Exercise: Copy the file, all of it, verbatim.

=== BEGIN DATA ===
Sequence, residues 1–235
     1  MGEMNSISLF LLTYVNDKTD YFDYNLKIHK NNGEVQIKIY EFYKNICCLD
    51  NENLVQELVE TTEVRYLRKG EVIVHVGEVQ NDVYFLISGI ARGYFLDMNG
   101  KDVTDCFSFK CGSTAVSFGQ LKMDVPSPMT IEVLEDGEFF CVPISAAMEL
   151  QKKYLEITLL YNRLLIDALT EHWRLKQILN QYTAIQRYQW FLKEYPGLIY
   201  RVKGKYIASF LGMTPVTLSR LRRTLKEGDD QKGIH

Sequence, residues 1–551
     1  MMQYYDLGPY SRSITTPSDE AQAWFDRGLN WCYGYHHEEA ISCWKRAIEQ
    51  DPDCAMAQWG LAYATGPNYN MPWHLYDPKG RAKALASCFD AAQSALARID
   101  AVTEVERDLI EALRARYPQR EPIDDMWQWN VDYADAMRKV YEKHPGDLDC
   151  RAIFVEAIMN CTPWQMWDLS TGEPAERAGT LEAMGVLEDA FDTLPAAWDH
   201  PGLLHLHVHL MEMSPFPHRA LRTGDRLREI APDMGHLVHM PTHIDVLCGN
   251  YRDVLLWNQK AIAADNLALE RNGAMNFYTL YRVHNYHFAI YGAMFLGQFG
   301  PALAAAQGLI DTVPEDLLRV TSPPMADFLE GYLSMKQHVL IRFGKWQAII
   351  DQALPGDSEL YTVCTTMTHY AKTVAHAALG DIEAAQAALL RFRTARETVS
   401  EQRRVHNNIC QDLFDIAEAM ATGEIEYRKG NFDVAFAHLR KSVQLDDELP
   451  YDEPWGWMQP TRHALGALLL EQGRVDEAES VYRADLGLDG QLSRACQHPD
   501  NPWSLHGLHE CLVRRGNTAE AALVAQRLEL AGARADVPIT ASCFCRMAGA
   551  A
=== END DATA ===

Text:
Sequence, residues 1–235
     1  MGEMNSISLF LLTYVNDKTD YFDYNLKIHK NNGEVQIKIY EFYKNICCLD
    51  NENLVQELVE TTEVRYLRKG EVIVHVGEVQ NDVYFLISGI ARGYFLDMNG
   101  KDVTDCFSFK CGSTAVSFGQ LKMDVPSPMT IEVLEDGEFF CVPISAAMEL
   151  QKKYLEITLL YNRLLIDALT EHWRLKQILN QYTAIQRYQW FLKEYPGLIY
   201  RVKGKYIASF LGMTPVTLSR LRRTLKEGDD QKGIH

Sequence, residues 1–551
     1  MMQYYDLGPY SRSITTPSDE AQAWFDRGLN WCYGYHHEEA ISCWKRAIEQ
    51  DPDCAMAQWG LAYATGPNYN MPWHLYDPKG RAKALASCFD AAQSALARID
   101  AVTEVERDLI EALRARYPQR EPIDDMWQWN VDYADAMRKV YEKHPGDLDC
   151  RAIFVEAIMN CTPWQMWDLS TGEPAERAGT LEAMGVLEDA FDTLPAAWDH
   201  PGLLHLHVHL MEMSPFPHRA LRTGDRLREI APDMGHLVHM PTHIDVLCGN
   251  YRDVLLWNQK AIAADNLALE RNGAMNFYTL YRVHNYHFAI YGAMFLGQFG
   301  PALAAAQGLI DTVPEDLLRV TSPPMADFLE GYLSMKQHVL IRFGKWQAII
   351  DQALPGDSEL YTVCTTMTHY AKTVAHAALG DIEAAQAALL RFRTARETVS
   401  EQRRVHNNIC QDLFDIAEAM ATGEIEYRKG NFDVAFAHLR KSVQLDDELP
   451  YDEPWGWMQP TRHALGALLL EQGRVDEAES VYRADLGLDG QLSRACQHPD
   501  NPWSLHGLHE CLVRRGNTAE AALVAQRLEL AGARADVPIT ASCFCRMAGA
   551  A